Violations amount to a Class A misdemeanor.

§50-1-201 et seq.; 49-5-601 et seq.

Texas

Labor organization may not demand fee from non-member as a condition of employment. Employer may not deduct fee from paycheck without employee’s written consent.

A person may not be denied employment based on membership or non-membership in a labor union.

Certain violations punishable with civil penalty of up to $1,000, and an injunction. Certain violations also punishable as misdemeanor with fine of up to $500, confinement for up to 60 days, or both. May sue for damages.

101.003 et seq.; 101.051 et seq.; 101.111; 101.301 et seq.; 617.004

Utah

No employer shall require any person to pay dues, fees, etc. to any labor organization as a condition of employment.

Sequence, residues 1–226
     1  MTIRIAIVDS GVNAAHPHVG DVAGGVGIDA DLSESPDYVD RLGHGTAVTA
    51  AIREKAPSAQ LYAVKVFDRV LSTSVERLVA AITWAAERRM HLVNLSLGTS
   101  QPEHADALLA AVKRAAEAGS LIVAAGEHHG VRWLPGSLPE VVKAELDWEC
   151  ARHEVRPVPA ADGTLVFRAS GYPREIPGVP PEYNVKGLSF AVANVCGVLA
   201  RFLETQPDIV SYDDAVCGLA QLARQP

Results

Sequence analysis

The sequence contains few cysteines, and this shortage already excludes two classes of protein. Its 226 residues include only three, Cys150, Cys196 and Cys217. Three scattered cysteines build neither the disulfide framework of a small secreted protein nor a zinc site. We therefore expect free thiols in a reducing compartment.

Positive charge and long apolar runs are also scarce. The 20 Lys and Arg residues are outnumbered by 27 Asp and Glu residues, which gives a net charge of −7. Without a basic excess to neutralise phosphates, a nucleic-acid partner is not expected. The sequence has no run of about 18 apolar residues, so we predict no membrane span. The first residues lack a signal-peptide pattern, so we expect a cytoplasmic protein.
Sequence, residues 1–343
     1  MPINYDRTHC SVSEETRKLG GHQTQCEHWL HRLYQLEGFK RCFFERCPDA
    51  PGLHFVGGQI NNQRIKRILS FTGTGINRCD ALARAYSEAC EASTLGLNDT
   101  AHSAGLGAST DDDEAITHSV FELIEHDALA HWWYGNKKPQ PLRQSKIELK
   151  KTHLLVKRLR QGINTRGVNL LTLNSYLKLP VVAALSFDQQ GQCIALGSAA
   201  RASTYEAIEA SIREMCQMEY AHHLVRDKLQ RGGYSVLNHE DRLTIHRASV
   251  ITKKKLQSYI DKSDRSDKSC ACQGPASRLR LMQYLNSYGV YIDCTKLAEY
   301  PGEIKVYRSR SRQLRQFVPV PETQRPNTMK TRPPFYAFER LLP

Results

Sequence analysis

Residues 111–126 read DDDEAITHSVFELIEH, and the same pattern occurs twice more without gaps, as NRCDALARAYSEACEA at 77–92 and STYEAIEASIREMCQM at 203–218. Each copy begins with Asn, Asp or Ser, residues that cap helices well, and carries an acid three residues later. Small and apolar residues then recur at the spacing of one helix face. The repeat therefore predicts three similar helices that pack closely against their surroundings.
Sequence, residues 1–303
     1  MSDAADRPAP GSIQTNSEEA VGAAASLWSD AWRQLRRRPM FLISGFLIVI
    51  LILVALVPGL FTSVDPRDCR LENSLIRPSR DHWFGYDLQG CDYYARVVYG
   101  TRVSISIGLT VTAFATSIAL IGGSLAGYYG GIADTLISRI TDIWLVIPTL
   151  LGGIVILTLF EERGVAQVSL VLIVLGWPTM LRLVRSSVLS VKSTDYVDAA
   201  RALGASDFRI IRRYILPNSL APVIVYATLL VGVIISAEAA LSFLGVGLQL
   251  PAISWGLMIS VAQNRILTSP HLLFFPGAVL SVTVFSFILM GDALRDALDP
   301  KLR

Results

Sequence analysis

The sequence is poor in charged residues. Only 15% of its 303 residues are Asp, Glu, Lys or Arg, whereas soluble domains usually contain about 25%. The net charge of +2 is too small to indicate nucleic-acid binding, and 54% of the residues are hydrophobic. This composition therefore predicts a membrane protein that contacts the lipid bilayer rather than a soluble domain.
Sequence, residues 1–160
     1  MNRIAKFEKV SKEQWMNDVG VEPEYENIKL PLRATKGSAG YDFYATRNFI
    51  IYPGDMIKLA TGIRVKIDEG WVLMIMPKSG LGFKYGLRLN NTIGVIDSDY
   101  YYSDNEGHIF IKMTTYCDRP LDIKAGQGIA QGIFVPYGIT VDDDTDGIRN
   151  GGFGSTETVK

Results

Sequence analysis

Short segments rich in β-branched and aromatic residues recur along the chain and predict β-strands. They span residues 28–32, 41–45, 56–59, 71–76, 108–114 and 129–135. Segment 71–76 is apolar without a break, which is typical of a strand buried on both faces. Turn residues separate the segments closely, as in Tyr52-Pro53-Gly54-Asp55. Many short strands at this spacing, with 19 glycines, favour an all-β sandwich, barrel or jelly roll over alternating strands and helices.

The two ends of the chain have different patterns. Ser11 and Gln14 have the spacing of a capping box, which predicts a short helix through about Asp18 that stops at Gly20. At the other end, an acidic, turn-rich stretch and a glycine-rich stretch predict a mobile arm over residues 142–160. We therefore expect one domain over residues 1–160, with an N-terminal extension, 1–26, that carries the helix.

No person shall be denied the right to work on account of membership or non-membership in any labor organization.

May sue for injunctive relief and damages. Violations constitute a misdemeanor.

§34-34-1 et seq.

Vermont

Not a right to work state

     

Virginia

No employer shall require any person, as a condition of employment to pay any dues, fees, etc. to any labor organization.

Unlawful to deny employment on account of non-membership in a labor organization, or to make membership a condition of employment.

May sue for injunctive relief and damages of any character. Violations constitute a misdemeanor.

§40.1-58 et seq.

Washington

Not a right to work state

     

West Virginia

May not require a person to pay any dues, fees, etc. to a union as a condition of employment.